Navy sounds the alarm on Biden’s DOD budget: ‘Lucky to keep up with inflation’

Updated: May 7





Chief of Naval Operations Michael Gilday warned this week that President Biden’s proposed military budget effectively end up being a cut for the Navy because of inflation and rising operating costs.


Biden proposed a $715 billion defense budget for FY 2022, but in remarks to the Center for Strategic and Budgetary Assessments, Gilday said that number will be “lucky to keep up with inflation.”


The $715 billion proposal is a 1.6 percent increase from the current $704 billion budget. But critics note that this increase is a bit below the current inflation rate, which means DOD is effectively getting less.


Gilday added that rising operating costs will put a further squeeze on operations, which means the Navy’s dollars won’t stretch as far unless it somehow gains access to other defense spending. There has been talk of giving the Navy a bigger piece of the overall DOD budget, but it won’t be clear for several more weeks whether Biden’s plan allows that.


GIlday said the Navy’s budget has essentially been flat since 2010. But there are other factors at play that put the Navy at a further disadvantage.


First, DOD is still operating under the National Defense Strategy devised by Secretary James Mattis in 2018. According to Mattis’s calculations, DOD spending should be as high as $754 billion next year, not $715 billion. Without an increase, DOD will be carrying out a plan with 5 percent less funding that was recommended.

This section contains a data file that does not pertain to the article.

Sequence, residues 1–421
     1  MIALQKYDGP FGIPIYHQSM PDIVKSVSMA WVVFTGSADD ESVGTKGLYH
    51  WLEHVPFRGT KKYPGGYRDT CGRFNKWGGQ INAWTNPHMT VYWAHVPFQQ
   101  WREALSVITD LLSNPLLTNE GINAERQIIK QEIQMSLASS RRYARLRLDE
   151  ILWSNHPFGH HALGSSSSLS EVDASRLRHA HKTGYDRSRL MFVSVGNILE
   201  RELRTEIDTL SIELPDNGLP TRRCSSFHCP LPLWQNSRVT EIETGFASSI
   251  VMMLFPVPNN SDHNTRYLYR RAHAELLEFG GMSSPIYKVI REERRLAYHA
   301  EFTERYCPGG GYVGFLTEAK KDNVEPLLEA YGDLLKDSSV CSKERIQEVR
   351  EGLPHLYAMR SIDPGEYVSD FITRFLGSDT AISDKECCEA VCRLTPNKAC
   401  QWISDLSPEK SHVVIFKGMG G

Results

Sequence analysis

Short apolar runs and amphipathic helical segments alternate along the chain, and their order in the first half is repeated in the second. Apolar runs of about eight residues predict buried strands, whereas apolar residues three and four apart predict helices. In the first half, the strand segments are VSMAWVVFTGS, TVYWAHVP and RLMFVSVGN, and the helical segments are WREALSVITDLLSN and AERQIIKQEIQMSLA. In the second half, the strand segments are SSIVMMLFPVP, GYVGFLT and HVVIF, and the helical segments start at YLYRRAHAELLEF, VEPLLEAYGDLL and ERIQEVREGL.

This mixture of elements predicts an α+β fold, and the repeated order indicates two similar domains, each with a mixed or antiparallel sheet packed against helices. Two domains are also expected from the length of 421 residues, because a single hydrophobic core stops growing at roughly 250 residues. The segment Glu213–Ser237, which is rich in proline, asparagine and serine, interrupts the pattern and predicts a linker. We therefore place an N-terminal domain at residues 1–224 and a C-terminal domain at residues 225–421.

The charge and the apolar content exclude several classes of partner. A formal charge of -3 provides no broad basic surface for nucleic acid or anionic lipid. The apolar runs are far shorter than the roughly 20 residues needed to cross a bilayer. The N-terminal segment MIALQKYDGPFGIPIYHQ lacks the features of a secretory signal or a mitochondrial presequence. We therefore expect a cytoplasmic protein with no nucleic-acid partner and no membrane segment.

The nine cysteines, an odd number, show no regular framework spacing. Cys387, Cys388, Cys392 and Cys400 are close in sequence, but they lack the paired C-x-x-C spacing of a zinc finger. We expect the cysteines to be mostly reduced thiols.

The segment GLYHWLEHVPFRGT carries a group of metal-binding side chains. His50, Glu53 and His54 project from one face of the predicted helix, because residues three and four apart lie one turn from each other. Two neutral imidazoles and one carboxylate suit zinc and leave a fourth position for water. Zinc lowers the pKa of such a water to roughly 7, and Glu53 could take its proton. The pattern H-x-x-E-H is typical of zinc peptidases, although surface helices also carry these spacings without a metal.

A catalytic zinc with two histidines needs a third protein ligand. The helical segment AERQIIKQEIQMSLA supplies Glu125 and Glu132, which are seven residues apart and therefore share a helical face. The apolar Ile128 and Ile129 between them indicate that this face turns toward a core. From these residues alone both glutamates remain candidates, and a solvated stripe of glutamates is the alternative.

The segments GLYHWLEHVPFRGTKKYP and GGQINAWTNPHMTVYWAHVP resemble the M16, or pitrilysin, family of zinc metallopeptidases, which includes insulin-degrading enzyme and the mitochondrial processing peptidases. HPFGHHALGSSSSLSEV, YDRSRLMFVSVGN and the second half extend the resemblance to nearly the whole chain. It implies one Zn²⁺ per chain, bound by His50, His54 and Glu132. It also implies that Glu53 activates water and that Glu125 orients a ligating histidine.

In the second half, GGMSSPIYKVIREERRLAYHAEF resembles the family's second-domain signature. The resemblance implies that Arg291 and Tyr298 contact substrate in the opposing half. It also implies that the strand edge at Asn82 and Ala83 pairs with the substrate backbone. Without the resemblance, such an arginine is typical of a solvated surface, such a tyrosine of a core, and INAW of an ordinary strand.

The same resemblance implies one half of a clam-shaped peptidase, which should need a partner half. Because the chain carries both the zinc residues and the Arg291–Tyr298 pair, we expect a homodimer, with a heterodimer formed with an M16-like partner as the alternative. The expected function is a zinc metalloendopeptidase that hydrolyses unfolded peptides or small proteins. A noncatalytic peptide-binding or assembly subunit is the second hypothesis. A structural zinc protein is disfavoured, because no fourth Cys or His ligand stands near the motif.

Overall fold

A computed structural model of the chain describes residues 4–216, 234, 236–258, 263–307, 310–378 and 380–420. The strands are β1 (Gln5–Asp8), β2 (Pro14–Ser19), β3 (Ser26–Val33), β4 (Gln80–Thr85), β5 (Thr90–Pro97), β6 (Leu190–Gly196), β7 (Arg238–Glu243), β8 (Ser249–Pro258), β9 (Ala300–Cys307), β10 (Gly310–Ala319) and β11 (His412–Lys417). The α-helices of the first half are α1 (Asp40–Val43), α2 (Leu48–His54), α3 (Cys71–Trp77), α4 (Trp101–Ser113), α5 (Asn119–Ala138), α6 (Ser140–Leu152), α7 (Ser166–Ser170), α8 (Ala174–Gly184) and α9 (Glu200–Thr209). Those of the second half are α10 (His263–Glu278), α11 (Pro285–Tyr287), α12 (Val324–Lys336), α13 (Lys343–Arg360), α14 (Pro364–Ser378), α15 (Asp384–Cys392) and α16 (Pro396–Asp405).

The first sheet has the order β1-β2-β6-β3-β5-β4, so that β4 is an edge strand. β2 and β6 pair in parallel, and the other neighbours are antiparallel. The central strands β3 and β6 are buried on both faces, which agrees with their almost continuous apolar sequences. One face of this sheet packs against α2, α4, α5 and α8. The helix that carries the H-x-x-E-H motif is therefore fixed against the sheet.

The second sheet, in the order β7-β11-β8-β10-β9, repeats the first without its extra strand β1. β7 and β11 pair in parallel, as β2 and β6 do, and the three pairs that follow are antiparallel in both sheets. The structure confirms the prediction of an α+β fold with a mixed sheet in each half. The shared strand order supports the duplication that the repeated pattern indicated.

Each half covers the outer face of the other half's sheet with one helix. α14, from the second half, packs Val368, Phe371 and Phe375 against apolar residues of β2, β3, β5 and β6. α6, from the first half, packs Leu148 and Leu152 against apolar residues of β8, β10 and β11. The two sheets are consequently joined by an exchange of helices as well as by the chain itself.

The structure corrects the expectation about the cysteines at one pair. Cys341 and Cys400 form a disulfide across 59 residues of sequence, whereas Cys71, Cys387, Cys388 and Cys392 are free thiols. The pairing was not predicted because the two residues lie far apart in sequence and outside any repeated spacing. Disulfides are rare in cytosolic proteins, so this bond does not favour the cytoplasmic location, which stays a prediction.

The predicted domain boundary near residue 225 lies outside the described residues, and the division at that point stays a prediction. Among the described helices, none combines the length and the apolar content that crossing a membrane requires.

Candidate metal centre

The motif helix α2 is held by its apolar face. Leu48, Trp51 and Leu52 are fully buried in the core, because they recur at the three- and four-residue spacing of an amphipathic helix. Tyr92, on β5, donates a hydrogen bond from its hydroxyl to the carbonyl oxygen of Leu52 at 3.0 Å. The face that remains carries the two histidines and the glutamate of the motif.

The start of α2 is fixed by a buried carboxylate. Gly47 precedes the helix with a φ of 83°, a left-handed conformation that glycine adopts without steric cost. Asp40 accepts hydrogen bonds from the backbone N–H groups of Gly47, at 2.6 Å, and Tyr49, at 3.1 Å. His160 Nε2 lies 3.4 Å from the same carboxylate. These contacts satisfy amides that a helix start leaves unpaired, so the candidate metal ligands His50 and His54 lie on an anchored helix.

Secondly, Biden’s plan still has to go through Congress, where many Democrats could push for cuts in a bid to find more funding for social spending.


Gilday stressed that he favors the 355-ship fleet for the Navy that was passed into law in 2017, and which remains a lofty goal – today’s Navy is just under 300 ships. “ I still think that’s a really good target,” he said of the 355 number.


Part of the reason a bigger fleet is needed is to counter China’s rising strength across the globe. He described China’s strategy this way:


“China approaches things by bringing them to a slow boil,” he said, adding that when China thinks it can win with acceptable risks, China will move. “That’s why the Navy being deployed in numbers, and readiness, is so important.” The Navy needs to deploy enough forward force to create doubt in China’s mind about the possibility of victory, he said.

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